I heard about this on the radio and it gave me a smile!
'Turkey Fairy' leaves warm clothes
LYNDHURST, Ohio (CNN/WJW) - A good Samaritan in Ohio is getting a head start on the season of giving.
Someone has been leaving blankets, hats and gloves at a bus stop outside of Cleveland, Ohio. The anonymous donors also leaves a quick note signed "The Turkey Fairy."
Workers at the nearby Family Urgent Care Center discovered the anonymous donation.
"They just want people to recognize what they are doing to help other people and not focus on the person themselves. So I think that's really good. And it's kind of fun to figure out who may be doing it!" said Katie Trolio.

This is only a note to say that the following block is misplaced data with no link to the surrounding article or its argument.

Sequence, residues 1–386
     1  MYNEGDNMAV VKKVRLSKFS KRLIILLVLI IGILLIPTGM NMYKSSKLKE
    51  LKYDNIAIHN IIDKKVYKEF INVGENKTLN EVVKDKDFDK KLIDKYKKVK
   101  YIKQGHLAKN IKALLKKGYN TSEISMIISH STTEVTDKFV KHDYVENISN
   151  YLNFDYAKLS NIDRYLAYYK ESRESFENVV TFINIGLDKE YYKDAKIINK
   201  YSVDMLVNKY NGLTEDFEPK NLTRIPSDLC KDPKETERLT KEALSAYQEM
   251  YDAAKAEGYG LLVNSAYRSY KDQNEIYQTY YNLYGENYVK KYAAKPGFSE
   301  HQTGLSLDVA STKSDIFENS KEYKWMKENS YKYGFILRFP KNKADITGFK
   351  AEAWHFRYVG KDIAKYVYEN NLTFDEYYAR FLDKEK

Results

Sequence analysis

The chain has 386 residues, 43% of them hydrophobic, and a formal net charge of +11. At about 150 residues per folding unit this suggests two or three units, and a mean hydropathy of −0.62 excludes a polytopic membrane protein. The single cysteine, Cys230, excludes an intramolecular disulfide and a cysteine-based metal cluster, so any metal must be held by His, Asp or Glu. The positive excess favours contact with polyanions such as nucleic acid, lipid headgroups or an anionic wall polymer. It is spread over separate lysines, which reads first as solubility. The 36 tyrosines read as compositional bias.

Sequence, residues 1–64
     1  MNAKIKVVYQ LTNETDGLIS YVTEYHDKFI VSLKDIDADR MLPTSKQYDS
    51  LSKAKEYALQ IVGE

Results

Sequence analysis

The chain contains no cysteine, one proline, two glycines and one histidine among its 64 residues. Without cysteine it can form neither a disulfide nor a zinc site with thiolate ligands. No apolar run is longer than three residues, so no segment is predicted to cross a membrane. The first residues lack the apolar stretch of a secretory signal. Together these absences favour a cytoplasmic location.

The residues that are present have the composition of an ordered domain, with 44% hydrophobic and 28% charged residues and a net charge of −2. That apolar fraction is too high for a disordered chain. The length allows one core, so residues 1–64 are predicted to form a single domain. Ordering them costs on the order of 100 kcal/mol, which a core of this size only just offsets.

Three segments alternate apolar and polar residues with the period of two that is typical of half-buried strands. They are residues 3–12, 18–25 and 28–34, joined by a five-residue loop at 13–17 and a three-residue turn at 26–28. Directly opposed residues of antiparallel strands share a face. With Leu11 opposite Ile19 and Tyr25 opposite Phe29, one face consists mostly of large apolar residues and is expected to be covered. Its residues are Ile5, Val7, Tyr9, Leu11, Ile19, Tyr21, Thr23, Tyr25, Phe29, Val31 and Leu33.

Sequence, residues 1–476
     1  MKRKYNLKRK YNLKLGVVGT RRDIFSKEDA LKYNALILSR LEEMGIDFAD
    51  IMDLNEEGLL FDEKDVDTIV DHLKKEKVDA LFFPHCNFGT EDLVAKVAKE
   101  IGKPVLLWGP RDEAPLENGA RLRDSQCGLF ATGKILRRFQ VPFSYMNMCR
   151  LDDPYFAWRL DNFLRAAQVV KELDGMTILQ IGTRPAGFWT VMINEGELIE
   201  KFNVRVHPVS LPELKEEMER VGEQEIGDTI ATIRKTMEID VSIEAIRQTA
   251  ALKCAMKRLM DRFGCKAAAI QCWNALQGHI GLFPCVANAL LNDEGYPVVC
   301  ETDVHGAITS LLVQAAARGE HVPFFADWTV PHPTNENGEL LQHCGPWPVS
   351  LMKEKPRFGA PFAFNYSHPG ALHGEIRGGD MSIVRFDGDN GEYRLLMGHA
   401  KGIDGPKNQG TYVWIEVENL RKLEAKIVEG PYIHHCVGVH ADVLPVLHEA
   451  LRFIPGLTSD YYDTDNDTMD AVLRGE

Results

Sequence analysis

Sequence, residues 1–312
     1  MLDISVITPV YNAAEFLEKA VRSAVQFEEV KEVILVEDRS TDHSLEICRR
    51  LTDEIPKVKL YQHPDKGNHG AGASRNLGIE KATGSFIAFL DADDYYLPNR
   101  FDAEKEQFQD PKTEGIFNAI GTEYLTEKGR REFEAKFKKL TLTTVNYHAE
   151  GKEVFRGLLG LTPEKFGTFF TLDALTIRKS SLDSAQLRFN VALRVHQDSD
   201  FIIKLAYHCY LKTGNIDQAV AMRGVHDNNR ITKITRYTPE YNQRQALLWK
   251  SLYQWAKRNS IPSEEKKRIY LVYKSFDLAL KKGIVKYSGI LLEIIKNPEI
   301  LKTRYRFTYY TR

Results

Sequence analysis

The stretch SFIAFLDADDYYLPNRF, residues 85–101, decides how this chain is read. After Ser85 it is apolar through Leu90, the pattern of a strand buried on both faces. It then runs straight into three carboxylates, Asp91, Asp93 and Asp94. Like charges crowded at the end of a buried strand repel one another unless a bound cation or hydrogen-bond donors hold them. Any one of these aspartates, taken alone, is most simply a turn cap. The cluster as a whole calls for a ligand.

"There are so many negative stories on the news right now and around the world. And it makes me feel good to know that there are people who put it all aside and care about other people," said Nancy Greff.
Workers at the urgent care center believe "The Turkey Fairy" comes overnight. The donations are usually at the bus stop before the center opens at six in the morning.
just had to post these, this had me in tears, so moving so many of these enjoy.
Wounded soldier works to help military families have a merry Christmas